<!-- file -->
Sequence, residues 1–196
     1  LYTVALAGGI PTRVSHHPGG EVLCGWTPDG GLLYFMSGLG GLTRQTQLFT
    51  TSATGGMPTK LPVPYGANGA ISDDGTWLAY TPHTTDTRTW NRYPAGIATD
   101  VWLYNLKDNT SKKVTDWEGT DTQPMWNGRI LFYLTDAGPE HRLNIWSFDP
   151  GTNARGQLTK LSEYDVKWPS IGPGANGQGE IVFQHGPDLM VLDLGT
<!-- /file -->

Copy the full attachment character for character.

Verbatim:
Sequence, residues 1–196
     1  LYTVALAGGI PTRVSHHPGG EVLCGWTPDG GLLYFMSGLG GLTRQTQLFT
    51  TSATGGMPTK LPVPYGANGA ISDDGTWLAY TPHTTDTRTW NRYPAGIATD
   101  VWLYNLKDNT SKKVTDWEGT DTQPMWNGRI LFYLTDAGPE HRLNIWSFDP
   151  GTNARGQLTK LSEYDVKWPS IGPGANGQGE IVFQHGPDLM VLDLGT